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NCJ Number: 73900 Find in a Library
Title: Public Opinion Argument in the Death Penalty Debate
Journal: Canadian Journal of Criminology  Volume:22  Issue:4  Dated:(October 1980)  Pages:404-411
Author(s): C H S Jayewardene; H Jayewardene
Date Published: 1980
Page Count: 8
Format: Article
Language: English
Country: Canada
Annotation: This article concludes, in connection with current debates on reinstating the death penalty in Canada, that elected officials to not always base their policies on the views of their constituents as expressed in public opinion polls.
Abstract: The will-of-the-people argument that government policy must agree with public opinion is being cited in order to revive the question of the desirability of capital punishment in Canada. The 1979 Federal elections, in which the ruling Liberal Party was defeated by Conservatives, appear to indicate public dissatisfaction with the abolition of capital punishment, because Liberal members of Parliament had always been considered as favoring its abolition and Conservatives as favoring its retention. Citing various examples in former Canadian federal elections, this article suggests that the candidates' voting records on the death penalty did not influence their chances of reelection. A review of British parliamentary history indicates that, starting with Edmund Burke in the 18th century, British legislators interpreted their election as a mandate to govern according to their conscience. A study of public opinion in the United States on the issues of capital punishment and gun control shows that elected officials did not formulate their policies according to public opinion polls and that their independent behavior did not appear to affect their chances for reelection. Examples of discrepancies between expressions of public opinion and elected officials' policies are cited for Iceland, with respect to legislation to eliminate all dogs in deference to the wishes of a cat-loving majority, as well as for India, in connection with government policies on family planning, birth control, and sterilization. This study concludes that the evidence gathered in different countries suggests that an elected officials' disregard of public opinion on any issue plays a minimal role in their chances of being reelected. A French abstract of the English text is provided. Twenty-two references are included.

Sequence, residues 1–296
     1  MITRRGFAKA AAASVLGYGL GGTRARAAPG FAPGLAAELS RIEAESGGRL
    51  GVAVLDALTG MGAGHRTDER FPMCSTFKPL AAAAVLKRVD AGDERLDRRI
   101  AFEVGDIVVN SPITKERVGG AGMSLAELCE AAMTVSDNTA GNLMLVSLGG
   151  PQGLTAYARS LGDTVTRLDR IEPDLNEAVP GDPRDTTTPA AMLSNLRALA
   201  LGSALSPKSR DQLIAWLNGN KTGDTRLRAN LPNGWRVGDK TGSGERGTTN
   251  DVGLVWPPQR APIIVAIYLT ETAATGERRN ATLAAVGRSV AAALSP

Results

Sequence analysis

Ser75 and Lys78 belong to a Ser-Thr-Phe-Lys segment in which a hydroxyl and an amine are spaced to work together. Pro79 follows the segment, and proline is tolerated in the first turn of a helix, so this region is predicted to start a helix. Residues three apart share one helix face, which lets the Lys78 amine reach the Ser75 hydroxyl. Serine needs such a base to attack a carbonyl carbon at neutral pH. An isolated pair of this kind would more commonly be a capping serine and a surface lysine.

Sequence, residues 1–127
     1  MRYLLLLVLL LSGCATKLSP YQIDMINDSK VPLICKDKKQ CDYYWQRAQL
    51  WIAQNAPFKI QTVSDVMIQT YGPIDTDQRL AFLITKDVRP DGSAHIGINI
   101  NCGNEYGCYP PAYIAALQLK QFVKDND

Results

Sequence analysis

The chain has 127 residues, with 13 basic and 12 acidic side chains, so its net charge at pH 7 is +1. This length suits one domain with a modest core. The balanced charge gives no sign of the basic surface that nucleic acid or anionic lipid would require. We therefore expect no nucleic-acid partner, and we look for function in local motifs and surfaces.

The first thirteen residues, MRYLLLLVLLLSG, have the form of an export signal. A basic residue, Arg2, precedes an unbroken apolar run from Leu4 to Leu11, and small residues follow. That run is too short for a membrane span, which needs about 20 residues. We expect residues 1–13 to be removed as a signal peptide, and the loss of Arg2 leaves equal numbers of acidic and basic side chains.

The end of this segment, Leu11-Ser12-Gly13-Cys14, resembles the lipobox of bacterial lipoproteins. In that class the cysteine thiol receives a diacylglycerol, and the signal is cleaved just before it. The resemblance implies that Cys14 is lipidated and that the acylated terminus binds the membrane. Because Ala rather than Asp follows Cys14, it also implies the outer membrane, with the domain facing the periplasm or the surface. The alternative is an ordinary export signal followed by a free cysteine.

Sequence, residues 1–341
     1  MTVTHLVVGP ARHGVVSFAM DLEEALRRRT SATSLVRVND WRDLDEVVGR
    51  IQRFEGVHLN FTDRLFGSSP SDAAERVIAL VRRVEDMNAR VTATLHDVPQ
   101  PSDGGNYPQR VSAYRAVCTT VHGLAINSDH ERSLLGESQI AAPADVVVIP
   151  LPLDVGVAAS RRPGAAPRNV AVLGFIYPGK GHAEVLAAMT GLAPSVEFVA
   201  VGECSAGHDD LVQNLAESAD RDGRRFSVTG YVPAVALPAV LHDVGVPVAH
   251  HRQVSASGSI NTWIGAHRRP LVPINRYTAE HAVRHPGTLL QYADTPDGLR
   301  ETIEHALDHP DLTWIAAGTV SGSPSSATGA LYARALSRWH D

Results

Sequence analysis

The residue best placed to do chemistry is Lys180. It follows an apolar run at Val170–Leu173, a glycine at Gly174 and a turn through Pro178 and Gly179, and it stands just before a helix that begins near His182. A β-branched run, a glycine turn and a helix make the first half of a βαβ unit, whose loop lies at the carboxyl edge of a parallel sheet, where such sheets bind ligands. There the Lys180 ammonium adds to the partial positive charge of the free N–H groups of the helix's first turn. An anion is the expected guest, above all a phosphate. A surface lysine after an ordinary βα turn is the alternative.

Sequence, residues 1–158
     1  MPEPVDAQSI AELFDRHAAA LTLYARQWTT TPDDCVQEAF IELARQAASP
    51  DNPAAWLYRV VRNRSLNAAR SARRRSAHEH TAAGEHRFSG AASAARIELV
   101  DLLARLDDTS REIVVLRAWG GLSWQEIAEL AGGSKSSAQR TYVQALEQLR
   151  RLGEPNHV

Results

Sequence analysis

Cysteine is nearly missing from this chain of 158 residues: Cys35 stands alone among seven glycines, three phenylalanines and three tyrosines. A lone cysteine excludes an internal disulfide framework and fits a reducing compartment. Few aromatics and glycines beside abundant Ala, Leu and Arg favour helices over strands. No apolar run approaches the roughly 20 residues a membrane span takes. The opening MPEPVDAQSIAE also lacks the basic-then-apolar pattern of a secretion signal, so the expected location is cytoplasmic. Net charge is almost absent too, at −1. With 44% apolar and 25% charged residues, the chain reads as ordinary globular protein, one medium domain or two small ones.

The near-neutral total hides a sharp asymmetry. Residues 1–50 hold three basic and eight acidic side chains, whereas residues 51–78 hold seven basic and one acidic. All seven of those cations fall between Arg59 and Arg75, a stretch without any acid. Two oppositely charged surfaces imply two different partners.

Index Term(s): Canada; Capital punishment; Citizen satisfaction; Great Britain/United Kingdom; India; Laws and Statutes; Liberalism; Political influences; Public Attitudes/Opinion; United States of America
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